You can see it advertised in in-flight magazines and slapped across billboards downtown: Istanbul is set to get its own seven-star hotel to rival the gaudy palaces of the Gulf.
A hotel at the pinnacle of luxury might be just the thing for the showpiece city of a rising Turkey. Buzzing with construction, confident in its allure, Istanbul is in about as much a hurry as a 1,688-year-old city could possibly be.
The hotel in question has a sybaritic sounding name – Caprice Gold – but is being promoted as Muslim-friendly, with separate swimming pools for men and women and a mosque of its own.
But all is not as first meets the eye. The Turkish government has pronounced itself bemused at Caprice Gold’s description of itself as a seven-star hotel, saying no such category exists. It has fined the group but Caprice Gold adverts remain all but inescapable, hawking timeshares in the hotel’s thousands of rooms.
That is not all. Unlike Istanbul’s established luxury hotels, Caprice Gold will not loom over the banks of the Bosphorus. Instead, it is being built in Bayrampasha, an Istanbul suburb once famous for artichokes, now better known for industrial buildings and a fancy shopping mall.
Such details aren’t likely to get in the way of the man behind Caprice Gold, Fadil Akgunduz, popularly known as Jet Fadil for reasons too complicated to get into. He already has a similar hotel in a southern Turkish resort and has always been a man of ambition. About a decade ago he went on live television to announce he was producing the first 100 per cent Turkish car, although it has yet to appear. Nor has he been deterred by litigation over previous construction contracts or a fraud case that saw him serving time in prison. He says he has never been convicted of anything and that the hotel – which to a casual viewer looks far from completed – will be ready by year end.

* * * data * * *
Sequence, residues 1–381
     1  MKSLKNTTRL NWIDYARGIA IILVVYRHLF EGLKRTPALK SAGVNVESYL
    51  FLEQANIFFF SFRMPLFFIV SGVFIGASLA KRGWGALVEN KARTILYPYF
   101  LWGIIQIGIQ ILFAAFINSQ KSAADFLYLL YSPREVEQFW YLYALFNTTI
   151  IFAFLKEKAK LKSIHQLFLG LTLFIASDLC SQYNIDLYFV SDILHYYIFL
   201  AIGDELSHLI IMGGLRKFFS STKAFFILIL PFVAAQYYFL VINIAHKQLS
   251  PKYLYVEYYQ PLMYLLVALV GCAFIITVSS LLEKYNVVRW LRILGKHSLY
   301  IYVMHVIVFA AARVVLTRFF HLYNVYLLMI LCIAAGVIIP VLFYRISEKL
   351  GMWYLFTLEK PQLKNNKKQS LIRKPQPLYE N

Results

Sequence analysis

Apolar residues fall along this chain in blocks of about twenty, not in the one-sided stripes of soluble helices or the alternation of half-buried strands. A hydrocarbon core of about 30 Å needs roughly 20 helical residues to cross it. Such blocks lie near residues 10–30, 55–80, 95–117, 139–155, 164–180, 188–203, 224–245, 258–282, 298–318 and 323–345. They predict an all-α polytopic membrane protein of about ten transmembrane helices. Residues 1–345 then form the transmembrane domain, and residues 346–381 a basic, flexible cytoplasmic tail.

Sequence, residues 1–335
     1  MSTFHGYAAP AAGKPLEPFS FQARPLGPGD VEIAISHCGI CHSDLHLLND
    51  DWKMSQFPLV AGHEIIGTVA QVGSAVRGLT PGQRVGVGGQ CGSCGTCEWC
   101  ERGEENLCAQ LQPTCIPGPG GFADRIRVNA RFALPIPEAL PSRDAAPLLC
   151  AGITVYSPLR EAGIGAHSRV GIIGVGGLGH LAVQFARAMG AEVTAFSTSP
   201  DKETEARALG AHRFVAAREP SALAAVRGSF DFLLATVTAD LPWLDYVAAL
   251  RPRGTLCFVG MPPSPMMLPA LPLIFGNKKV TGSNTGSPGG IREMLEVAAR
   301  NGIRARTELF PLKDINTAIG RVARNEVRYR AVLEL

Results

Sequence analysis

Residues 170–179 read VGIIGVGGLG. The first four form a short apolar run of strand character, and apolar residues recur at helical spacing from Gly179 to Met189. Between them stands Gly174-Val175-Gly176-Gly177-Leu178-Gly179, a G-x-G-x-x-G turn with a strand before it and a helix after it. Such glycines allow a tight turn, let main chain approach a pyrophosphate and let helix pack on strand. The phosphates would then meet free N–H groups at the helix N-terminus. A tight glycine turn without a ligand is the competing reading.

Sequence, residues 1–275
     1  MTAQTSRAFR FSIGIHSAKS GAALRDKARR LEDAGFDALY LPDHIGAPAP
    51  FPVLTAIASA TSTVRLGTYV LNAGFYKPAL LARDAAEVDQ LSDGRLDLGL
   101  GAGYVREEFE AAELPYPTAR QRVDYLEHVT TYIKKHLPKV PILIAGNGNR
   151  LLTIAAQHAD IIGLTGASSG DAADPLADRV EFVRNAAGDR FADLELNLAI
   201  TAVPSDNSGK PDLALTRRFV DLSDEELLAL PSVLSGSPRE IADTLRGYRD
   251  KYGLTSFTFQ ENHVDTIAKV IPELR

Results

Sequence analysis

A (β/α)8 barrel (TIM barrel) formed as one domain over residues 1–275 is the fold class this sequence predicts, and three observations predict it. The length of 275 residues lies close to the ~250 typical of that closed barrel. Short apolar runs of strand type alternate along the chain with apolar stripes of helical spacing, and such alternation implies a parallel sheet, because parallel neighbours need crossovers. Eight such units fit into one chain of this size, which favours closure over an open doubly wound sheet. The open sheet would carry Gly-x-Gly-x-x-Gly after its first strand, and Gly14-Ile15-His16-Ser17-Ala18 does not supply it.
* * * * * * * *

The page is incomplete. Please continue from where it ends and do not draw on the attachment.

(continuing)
Empire strikes back
There are still plans afoot for a Turkish car, although the government seems rather keener on the idea than do the companies that would actually manufacture it. A drive is also in progress to distribute a Turkish tablet computer to the nation’s schoolchildren.
But one thing has already arrived, the Turkish blockbuster movie.
Fetih 1453 (“Conquest 1453”) – at $17m, the country’s most expensive film – looks a little like the love child of Gladiator and The Lord of the Rings and has the merit of being based on a true story.
Since the story in question is the Turks’ conquest of Byzantium – the city that became Istanbul – Greece is none too amused. And indeed the movie doesn’t depict the Byzantine Greeks in a particularly heroic light. In one scene, the doomed Emperor Constantine XI is seen lounging in a medieval jacuzzi with three bikinied beauties and a bowl of fruit; in another the louche Byzantines let themselves go at what appears to be the equivalent of a disco. It all looks a little more like the 1970s than the 1450s. Still, swashbuckling epics aren’t exactly renowned for their historical accuracy and 1453’s first week broke box-office records. It has also pleased Prime Minister Recep Tayyip Erdogan, who often hails the importance of a new, self confident Turkey on the world stage.
Mr Erdogan himself spends much of his time in Istanbul, where he was once mayor. He’s been here even more in recent months, recuperating from two colon operations. Istanbullites chatter, but Mr Erdogan and his doctors say the polyps removed from him were benign and he is set to resume international travel this month with trips to South Korea and Iran.
Nevertheless, the pace of government noticeably slowed during his recovery period and there have been signs of splits among the ruling party and with some of its allies. It all goes to show how much the prime minister has come to dominate Turkish politics in almost a decade in charge.
Weirdly enough, Mr Erdogan only became prime minister after securing a parliamentary seat formerly held by Fadil Akgunduz, the Caprice Gold businessman. Embroiled in a court case at the time, Mr Akgunduz campaigned for the seat from New York. But despite hopes of parliamentary immunity, he ended up in jail all the same – leaving the way open for the present prime minister.